In Canada, parties to a notifiable merger transaction are legally entitled to complete the transaction once the statutory waiting period has expired. This is the case even where the Competition Bureau has not yet completed its merger review. However, a recent decision by a U.S. court highlights the potentially significant antitrust risk that merger parties assume when they elect to close in these circumstances.
In late 2000, Chicago Bridge & Iron Company notified the U.S. Federal Trade Commission (FTC) that it proposed to acquire Pitt-Des Moines, Inc., a close competitor in the manufacture and sale of industrial storage tanks. Following expiry of the 30-day waiting period under the Hart-Scott-Rodino Antitrust Improvements Act – the U.S. equivalent of Canada’s pre-merger notification regime – but before the transaction had been completed, the FTC advised the parties that it had begun a merger review. In early 2001, with the review still in progress, the parties completed the transaction. The FTC subsequently concluded that the transaction violated U.S. antitrust laws and sought and obtained a remedial order. Earlier this year, after a lengthy appeal process, the U.S. Court of Appeals for the Fifth Circuit upheld that decision.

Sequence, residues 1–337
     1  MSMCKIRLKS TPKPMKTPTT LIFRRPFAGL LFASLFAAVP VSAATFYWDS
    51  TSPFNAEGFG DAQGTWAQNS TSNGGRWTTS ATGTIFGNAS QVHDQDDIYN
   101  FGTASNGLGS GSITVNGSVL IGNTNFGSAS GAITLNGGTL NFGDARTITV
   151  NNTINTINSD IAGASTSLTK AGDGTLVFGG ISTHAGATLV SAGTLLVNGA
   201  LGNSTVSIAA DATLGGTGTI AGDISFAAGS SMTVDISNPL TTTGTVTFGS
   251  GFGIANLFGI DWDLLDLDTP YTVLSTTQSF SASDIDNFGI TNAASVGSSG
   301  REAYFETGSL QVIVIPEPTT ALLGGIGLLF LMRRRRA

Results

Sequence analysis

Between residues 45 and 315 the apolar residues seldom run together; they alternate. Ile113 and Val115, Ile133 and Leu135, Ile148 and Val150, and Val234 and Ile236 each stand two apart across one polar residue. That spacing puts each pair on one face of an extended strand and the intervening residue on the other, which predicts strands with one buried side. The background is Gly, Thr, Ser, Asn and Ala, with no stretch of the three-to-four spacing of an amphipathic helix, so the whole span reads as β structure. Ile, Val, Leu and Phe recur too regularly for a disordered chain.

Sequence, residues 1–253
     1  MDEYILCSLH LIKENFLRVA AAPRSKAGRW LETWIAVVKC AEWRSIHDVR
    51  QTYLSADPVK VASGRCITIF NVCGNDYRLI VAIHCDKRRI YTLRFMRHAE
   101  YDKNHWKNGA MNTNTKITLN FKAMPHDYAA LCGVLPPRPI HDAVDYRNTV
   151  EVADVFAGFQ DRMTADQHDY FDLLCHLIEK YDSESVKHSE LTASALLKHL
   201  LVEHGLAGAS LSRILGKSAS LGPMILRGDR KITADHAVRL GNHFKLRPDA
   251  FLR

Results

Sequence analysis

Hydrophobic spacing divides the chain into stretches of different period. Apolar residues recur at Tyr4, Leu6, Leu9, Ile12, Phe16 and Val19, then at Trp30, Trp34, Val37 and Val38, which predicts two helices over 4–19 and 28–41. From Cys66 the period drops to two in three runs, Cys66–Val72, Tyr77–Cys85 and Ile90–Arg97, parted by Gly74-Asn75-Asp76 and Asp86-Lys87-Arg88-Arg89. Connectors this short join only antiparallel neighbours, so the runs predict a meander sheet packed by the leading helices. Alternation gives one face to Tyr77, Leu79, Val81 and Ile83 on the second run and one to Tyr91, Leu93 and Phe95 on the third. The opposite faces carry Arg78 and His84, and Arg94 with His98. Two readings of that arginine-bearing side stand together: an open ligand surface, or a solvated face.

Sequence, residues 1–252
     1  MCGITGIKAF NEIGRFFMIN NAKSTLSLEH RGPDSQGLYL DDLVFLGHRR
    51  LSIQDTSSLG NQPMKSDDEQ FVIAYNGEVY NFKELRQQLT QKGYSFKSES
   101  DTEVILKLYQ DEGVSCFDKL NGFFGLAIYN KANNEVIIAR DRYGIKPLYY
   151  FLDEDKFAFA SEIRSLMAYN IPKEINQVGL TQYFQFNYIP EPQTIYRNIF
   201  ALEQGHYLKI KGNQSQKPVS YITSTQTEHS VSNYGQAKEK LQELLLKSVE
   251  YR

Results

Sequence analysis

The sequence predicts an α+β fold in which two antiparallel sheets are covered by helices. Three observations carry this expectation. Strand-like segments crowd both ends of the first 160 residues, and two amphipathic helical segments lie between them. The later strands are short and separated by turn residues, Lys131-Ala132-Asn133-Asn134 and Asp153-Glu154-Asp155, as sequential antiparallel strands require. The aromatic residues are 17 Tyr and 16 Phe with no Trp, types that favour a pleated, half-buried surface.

Significantly, the remedy required in the Chicago Bridge case to restore competition in the affected market was that Chicago Bridge divide the business resulting from its merger with Pitt-Des Moines into two separate entities and divest one of the entities to a third party – in effect, a wholesale unwinding of the transaction. Although the Chicago Bridge case is not binding on courts in Canada, it is relevant to merger review in Canada for two reasons.
First, the case serves as a reminder that completing a merger transaction in the face of an ongoing regulatory review provides the parties with no assurance that the transaction will not subsequently be challenged – under section 92 of the Competition Act, the Competition Tribunal can make a remedial order in respect of a completed merger for up to three years after it has been completed.
Second, the powers of the Competition Tribunal in remedying the effects of a completed merger include the power to dissolve the merger or to dispose of shares or assets in such manner as the Tribunal directs. Chicago Bridge serves as a reminder that, in appropriate circumstances, far-reaching remedial orders can and will be imposed by the courts where such orders are necessary to restore the competition lost through an anticompetitive merger. This, in turn, highlights the critical role of antitrust risk assessment in devising and pursuing merger strategy